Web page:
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Sociological discussions of deviance typically focus on non-normative behaviors. Cognitive deviance, on the other hand, refers to deviant beliefs. Beliefs are deviant if they fall outside the norms of acceptability and are deemed wrong, irrational, eccentric, or dangerous. Deviant beliefs are important to study because they reveal basic social processes and affirm the belief structure on which a society is built. In addition, the study of deviant beliefs is important because deviance is often the first step toward social change. Today’s deviant idea may well be tomorrow’s norm. The study of deviant beliefs reveals to the sociologist the social construction of all knowledge (Berger & Luckmann 1966).
Deviant beliefs are not always, or necessarily, minority beliefs. In fact, many widespread beliefs are rejected by society’s dominant social institutions. Nor are deviant beliefs necessarily wrong or misguided. The empirical, objective, or scientific erroneousness of a belief is not what makes it deviant. What makes a belief deviant is the negative reaction it evokes.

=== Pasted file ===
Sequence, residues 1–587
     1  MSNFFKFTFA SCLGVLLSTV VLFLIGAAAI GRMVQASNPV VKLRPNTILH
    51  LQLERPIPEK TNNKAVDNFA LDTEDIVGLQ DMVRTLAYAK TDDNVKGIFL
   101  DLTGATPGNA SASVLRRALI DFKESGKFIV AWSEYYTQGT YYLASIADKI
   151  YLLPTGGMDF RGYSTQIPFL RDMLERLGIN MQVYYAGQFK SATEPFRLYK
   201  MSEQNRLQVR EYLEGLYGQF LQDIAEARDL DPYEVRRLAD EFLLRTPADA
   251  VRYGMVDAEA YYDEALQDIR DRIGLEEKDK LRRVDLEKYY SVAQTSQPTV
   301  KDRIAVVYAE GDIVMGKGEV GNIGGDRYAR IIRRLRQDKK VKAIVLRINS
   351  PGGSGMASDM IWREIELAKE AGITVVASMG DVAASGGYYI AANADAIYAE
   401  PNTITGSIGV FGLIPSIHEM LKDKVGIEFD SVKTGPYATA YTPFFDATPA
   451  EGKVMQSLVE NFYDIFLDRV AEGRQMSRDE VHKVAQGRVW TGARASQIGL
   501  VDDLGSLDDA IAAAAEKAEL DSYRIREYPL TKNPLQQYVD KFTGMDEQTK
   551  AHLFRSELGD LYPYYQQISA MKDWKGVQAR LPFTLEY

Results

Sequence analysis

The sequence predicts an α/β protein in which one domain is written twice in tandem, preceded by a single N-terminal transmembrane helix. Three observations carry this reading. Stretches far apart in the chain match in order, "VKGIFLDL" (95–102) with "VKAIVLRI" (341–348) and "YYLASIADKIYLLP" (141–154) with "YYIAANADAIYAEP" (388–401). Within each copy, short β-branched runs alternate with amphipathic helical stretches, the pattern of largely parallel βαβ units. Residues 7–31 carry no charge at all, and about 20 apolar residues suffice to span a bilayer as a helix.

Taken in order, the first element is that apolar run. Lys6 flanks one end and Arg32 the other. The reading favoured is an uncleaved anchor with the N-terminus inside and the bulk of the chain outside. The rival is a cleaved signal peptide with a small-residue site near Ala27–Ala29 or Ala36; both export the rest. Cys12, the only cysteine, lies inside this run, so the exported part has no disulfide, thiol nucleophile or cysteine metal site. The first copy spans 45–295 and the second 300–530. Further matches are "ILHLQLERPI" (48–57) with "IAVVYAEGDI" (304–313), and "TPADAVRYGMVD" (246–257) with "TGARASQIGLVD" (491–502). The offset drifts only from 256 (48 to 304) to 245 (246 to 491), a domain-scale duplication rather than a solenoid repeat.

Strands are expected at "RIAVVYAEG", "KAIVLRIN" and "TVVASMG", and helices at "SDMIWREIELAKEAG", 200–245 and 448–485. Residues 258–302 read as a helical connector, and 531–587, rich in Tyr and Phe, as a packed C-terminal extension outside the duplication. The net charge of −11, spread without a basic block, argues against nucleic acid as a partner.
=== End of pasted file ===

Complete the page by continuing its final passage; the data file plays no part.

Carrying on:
What members of the society, or of specific social collectivities, take to be real and true has momentous consequences for the nature of the society. Beliefs that challenge these collective understandings may be reacted to negatively. Since the costs can be significant, deviant beliefs are difficult to maintain. Occasionally, the fringe may become the mainstream, blasphemy the inspiration, or the nutcase the prophet. Yet more commonly they remain fringe and lunatic. Most deviant beliefs, in fact, come and go with hardly a notice.
- Berger, P. L. & Luckmann, T. (1966) The Social Construction of Reality: A Treatise in the Sociology of Knowledge. Doubleday, Garden City, NY.
- Goode, E. (2000) Paranormal Beliefs: A Sociological Introduction. Waveland Press, Prospect Heights, IL.